Not one, not two, but three portly adversaries barrel toward Mustapha. Like a prized bullfighter, he stylishly steps aside and watches as they miss their mark. Mustapha grabs the closest combatant — decked out in a ridiculous pastel purple t-shirt and blue jeans — and hurls him at his two comrades.
After a comical moment of rotund gents falling over one another in confusion, Mustapha finishes them off with a few of his signature flying kicks. Before moving on, he knocks over a suit of armor and collects the gold that was stashed inside. Bonus!
The rough weather is really picking up. Arthur pushes forward, but something doesn’t seem quite right. It’s as if the wind is possessed by devils. Agility was never his strong suit, and before long a particularly nasty gust knocks his armor away. Decked out in nothing more than his heart-patterned boxer shorts, Arthur struggles to duck and dodge the oncoming barrage. Sadly, his best efforts are not enough, and within moments all that is left of our fearless hero is a pile of bones.
Balancing a 14-month-old on my lap is proving to be detrimental to my performance. I used to play this game for hours at a time on my Dreamcast a decade ago, but I’d never played the original arcade version until now. My skills are definitely rusty, and my daughter is not helping one bit. “No no, Yoshie!” She’s not listening. I turn my body sideways to keep the wheel out of her reach, but that leaves me with only one hand to work with. We’re running out of time and our customer is getting impatient. At least B.D. Joe has got our back with this unruly passenger. “Shut up and move your butt!” The drop-off location is coming into view but there are only seconds left. There’s no way we’re going to make it. I look down at my daughter and she’s grinning, her eyes fixated on the screen and her hands still reaching toward the steering wheel. Our final score was laughable, but this was the best game of Crazy Taxi ever.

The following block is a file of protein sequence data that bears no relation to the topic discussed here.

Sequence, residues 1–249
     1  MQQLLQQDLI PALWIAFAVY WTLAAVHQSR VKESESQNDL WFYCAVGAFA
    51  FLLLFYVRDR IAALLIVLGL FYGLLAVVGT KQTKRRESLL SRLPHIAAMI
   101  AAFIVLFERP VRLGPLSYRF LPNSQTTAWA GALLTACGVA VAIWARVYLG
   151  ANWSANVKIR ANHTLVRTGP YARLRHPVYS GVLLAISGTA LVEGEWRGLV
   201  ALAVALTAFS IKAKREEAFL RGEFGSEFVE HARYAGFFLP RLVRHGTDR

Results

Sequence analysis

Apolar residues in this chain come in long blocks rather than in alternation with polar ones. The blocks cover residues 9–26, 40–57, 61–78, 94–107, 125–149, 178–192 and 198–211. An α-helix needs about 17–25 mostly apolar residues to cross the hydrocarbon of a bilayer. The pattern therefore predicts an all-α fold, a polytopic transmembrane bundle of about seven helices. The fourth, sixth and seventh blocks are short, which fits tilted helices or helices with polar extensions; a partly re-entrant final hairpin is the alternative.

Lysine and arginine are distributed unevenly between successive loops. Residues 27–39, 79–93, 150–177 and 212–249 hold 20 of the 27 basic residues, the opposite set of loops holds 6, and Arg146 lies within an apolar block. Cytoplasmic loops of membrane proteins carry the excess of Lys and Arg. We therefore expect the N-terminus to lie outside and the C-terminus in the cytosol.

Well, I suppose we should have expected this. We assumed our son was asleep for the night, but only minutes after putting him to bed we heard him crying. My wife went upstairs to see what was wrong and a minute later she was back downstairs, carrying our boy. Her expression said it all, but she clarified all the same: “He’s afraid of ‘The Zombies.'” Earlier in the evening my wife and I enjoyed a round of The House of the Dead at Peter Piper Pizza, much to our son’s displeasure. “That game’s too scary!” he said as we dropped our tokens into the slot. We assured him that the zombies weren’t real, and he even starting laughing and cheering along with us as we “blasted those silly zombies!” And honestly, the game’s zombies look so blocky and cheesy, it’s hard to think of them as frightening. But the imagination of a child is very powerful, and now we’re paying the price for letting him watch. It’s going to be tough getting our little dude back to sleep tonight. Playing The House of the Dead in front of a four-year-old is definitely not the smartest parenting move on our part, and without sleep tonight we’ll be suffering like G did when the morning rolls around!